Race for the Cure

Remember, on my first day in town, how I went to the goat races and when writing the post mentioned there were few major events in town? I wasn’t absolutely sure why at the time, but I’ve since realized how monumental a feat a big event like the Goat Races are around here. Limited resources, unreliable vendors, pricy negotiations, and inefficient ways of operating all attribute to the fact that any event involving more than ten people that starts and ends can be considered a success.


The 5k Breast Cancer Race for the Cure was held in town this past Sunday, hosted by the local Susan G. Komen Foundation affiliate, the Tanzania Breast Cancer Foundation. There were definitely more than ten people at the race, which started and ended too, so according to my metrics, a success it was! (To be serious, 2011 was the last year a race was held, so it’s further proof that these events don’t organize themselves.)


The most appealing part about this walk for me – aside for the cause, of course – was definitely not the fact that my alarm woke me up at 6am. Rather, and one of the main reasons I decided to participate, was because it was a great way to see parts of downtown- or as they call it here, ‘city center’. Parts of Dar that I might otherwise may not ever see.



I’ve touched on the levels of petty crime here before, so I’m not going into it today. But I mention it only because it’s for this very reason that I would not typically spend my mornings meandering through city center, certainly not with a camera in hand, and most certainly would not be able to let my curious eyes wander as freely as they did yesterday.

The race began and ended at the Ocean Road Cancer institute (view the race route here), the leading (and only) place to seek post-surgical treatment for cancer patients in the whole of Dar es Salaam. Some patients travel as far as 1300km by bus just to get a few rounds of radiotherapy- and some don’t even have enough money to return home afterwards. The esteemed Ocean Road Cancer Institute is one of the older buildings in city center, built in the late 19th century when Dar was still under colonial rule. Very much reminding me of a California-style mission, the building was originally built as the Ocean Road Hospital, a government-sponsored institution almost exclusively treating Europeans. And, such is exemplary of Dar es Salaam’s often biased and extremely layered colonial history.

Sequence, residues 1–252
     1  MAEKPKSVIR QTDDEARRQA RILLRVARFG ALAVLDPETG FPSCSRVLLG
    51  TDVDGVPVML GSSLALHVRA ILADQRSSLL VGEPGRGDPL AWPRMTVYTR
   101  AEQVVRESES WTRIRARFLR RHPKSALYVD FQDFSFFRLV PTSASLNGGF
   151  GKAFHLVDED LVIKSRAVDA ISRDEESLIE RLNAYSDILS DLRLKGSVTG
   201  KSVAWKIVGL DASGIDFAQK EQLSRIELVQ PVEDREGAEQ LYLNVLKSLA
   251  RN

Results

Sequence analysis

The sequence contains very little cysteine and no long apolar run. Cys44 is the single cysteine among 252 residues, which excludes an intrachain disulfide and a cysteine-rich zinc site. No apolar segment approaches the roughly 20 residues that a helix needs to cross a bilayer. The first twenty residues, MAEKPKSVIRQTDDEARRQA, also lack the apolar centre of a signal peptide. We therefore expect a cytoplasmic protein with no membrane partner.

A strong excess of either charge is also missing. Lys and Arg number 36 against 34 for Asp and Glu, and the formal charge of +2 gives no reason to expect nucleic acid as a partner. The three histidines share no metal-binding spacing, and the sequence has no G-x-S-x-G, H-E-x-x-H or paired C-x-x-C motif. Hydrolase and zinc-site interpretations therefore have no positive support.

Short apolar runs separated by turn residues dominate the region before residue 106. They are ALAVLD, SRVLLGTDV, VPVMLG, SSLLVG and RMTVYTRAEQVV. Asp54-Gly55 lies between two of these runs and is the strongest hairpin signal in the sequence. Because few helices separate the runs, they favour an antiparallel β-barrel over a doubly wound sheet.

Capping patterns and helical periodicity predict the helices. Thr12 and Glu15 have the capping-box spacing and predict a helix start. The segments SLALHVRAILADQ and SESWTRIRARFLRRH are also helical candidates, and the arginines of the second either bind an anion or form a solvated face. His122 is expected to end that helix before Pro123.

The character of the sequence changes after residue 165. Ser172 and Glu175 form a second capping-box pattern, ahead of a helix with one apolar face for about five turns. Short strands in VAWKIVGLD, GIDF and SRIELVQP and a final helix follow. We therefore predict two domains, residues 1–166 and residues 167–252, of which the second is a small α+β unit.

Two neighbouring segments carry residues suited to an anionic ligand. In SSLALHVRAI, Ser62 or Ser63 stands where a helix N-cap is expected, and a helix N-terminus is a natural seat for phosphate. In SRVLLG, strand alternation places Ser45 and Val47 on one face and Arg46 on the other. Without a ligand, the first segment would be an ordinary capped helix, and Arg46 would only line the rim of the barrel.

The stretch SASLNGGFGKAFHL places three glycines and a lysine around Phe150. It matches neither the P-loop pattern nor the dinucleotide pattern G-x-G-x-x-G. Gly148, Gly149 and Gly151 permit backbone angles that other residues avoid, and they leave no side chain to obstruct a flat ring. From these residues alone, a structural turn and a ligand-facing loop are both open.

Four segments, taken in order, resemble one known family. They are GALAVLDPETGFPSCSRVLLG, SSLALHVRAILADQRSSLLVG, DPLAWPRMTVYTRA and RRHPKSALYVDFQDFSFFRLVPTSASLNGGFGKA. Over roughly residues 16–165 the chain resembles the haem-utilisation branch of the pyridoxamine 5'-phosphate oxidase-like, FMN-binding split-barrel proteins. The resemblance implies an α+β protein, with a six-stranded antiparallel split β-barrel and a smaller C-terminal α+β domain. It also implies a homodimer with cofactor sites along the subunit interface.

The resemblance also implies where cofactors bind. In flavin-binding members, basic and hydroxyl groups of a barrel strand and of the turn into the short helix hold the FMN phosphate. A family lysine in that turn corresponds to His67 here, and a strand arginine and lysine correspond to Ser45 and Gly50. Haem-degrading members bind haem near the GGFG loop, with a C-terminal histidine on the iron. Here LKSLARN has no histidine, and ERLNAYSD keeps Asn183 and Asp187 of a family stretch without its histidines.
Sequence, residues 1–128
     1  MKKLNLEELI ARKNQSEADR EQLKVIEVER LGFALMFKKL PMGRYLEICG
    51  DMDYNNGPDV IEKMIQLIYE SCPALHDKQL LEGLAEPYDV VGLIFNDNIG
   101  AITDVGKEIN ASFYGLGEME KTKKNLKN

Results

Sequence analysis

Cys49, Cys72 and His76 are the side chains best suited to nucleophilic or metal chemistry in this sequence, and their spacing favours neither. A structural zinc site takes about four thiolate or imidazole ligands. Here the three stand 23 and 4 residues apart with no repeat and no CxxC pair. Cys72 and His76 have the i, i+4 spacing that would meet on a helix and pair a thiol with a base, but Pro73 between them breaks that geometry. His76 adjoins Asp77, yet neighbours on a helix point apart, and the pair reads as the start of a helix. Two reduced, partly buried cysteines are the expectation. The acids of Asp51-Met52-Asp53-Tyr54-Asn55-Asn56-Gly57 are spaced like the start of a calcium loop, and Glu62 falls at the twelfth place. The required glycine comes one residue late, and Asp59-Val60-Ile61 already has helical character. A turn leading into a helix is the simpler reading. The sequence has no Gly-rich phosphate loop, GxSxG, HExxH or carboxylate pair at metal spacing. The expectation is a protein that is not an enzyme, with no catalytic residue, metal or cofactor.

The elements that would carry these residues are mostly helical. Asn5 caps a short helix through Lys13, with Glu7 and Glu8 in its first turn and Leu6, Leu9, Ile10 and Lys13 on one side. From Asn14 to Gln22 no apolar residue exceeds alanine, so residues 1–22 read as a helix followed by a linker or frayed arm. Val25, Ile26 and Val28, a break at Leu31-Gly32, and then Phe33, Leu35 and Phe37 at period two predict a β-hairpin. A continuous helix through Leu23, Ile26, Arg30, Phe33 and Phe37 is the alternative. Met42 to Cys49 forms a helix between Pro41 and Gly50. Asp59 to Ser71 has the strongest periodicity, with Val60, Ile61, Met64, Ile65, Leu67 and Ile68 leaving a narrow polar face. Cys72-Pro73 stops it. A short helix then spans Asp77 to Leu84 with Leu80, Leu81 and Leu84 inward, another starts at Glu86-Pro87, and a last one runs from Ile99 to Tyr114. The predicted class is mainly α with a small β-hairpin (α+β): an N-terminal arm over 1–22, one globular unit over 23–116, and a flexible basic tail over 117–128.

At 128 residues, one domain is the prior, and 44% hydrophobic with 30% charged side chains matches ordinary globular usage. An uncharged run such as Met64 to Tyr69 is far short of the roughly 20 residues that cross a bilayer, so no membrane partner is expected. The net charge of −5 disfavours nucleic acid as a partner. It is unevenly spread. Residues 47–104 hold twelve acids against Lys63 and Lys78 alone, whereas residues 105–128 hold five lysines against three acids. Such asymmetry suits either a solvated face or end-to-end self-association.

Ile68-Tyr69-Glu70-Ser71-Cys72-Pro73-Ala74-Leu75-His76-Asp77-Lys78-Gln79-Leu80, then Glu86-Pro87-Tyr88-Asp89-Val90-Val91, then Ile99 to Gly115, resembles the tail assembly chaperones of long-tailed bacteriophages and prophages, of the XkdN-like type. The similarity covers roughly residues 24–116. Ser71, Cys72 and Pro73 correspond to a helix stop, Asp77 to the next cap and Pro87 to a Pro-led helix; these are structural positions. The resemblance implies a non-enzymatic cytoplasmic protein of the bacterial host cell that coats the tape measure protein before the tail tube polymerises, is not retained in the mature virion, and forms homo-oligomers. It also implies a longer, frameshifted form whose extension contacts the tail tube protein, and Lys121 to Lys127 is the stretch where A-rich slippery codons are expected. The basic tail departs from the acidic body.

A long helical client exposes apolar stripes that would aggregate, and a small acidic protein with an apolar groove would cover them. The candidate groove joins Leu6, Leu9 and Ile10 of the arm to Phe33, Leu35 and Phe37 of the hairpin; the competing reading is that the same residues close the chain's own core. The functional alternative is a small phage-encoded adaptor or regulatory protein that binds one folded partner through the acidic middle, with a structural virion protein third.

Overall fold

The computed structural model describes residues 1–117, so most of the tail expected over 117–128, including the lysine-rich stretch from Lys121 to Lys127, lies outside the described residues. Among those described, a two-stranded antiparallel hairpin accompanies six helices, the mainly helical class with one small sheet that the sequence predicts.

My favorite part of the walk was soon after we started, when we passed by the Kigamboni fish market. Crowds of locals, many who were just beginning their day at the fish market/ferry terminal/major bus stop lined the streets to watch us pass, eyeing our groups with great bewilderment and amazement. Some took photos with their phones, and we took photos right back. We swung around the bay and along the southern peninsula of Dar es Salaam, where walking along Kivukoni front where we passed a series of old German colonial buildings along the waterfront- my first time viewing many of these old colonial buildings that I had long heard or read about.



The crowds of Tanzanians grew smaller after we left the crowded waterfront area, but throughout the race route curious locals still gathered to observe this curious event. I’m sure it’s not everyday they are able to see masses of Wazungu, or foreigner, walking through their streets- escorted by a police band, at that!


The band was my favorite addition to the walk, and certainly made the day feel more a Tanzanian affair than anything else. Public events here always seem to be celebrated with great passion, with loud music and constant dancing, and this very American ‘Race for the Cure’ was done in no lesser fashion.